Southeast Asia Ballroom Dance Cruise: Shanghai and more dancing at sea
The ship docks in the port of Shanghai but the distance from the pier to the city may vary from a half to a one hour drive depending on the size of the ship and where it has to dock. The Diamond Princess is a big cruise ship and has to dock quite far out. The city spans the Huangpu river, a tributary of the Yangtze River.
As a quick refresher about the origins of the city I read the information provided through the website. Here is a quick summary - Before the First Opium War of 1840-42 Shanghai was a small walled city of about 300,000 inhabitants but according to the Treaty of Nanking that ended the war, Western merchants were granted the right to lease land and trade on the West bank of the Hangpu. This built the city into one of the major trading centers in the East and over time the city divided into the International Settlement, dominated by Britain, the French Concession, the Chinese city and the Chinese suburb of Zhabei north of the main part of the city. The merchants built the Bund, an area with a large stone river walk along the central water front, with big elegant buildings, banks, consulates and trading houses lining the river. I have this great memory of strolling along the waterfront but apparently the walkway is being reconstructed and is closed at the present time, so I could not see it again..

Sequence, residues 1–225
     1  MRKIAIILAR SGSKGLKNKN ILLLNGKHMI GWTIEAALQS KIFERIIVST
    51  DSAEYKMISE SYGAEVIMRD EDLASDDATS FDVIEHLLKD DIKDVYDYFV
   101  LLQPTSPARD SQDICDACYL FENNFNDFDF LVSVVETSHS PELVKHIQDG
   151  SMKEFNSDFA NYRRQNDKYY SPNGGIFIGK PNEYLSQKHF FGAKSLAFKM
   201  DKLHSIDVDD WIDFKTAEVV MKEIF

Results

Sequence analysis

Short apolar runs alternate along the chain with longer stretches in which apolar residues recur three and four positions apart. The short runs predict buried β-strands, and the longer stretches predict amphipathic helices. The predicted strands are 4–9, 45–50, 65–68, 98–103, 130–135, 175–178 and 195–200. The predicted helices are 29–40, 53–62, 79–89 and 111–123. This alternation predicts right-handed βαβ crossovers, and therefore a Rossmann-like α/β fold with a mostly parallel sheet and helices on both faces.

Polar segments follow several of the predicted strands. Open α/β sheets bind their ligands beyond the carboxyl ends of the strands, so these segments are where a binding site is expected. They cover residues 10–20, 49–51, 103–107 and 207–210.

Shanghai is the largest city in China comparable in population to Mexico City and Tokyo. The population I read in various sources is anything from 20 to 23 million - and 50,000 shops. The Communist party of China was founded in Shanghai in 1921.
With the port being so distant from the city rather than "free range" - my new term for non-excursion visits in cruise ports - We signed up to do a nine hour Shanghai sampler excursion which had about 3 hours of free time built in. Although it meant an early morning, we kept dancing till close to midnight the night before. Priorities must be kept straight even in foreign countries.
Monday, November 9, Shanghai - Torrential Rain and whatever you do DONT TAKE A RED TAXI
We had a scheduled arrival of 6 am and departure of 6 pm for the port. But obviously November is not the best time to travel in this part of the world. As you read in my earlier post, severe fog in the Beijing area caused a major delay in both our embarcation and in our departure time. And the fog was again a problem getting into Shanghai.